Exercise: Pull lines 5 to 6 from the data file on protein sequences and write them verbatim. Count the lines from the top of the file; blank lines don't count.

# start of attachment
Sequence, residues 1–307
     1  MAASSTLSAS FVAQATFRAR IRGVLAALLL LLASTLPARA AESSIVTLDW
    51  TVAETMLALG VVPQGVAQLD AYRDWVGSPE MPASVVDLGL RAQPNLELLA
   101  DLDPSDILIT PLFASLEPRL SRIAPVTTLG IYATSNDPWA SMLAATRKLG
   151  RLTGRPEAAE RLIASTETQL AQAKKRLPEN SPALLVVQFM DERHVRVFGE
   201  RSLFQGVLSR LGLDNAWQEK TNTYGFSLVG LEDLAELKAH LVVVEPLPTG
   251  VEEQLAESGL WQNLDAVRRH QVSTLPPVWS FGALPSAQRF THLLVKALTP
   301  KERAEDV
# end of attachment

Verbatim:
   151  RLTGRPEAAE RLIASTETQL AQAKKRLPEN SPALLVVQFM DERHVRVFGE
   201  RSLFQGVLSR LGLDNAWQEK TNTYGFSLVG LEDLAELKAH LVVVEPLPTG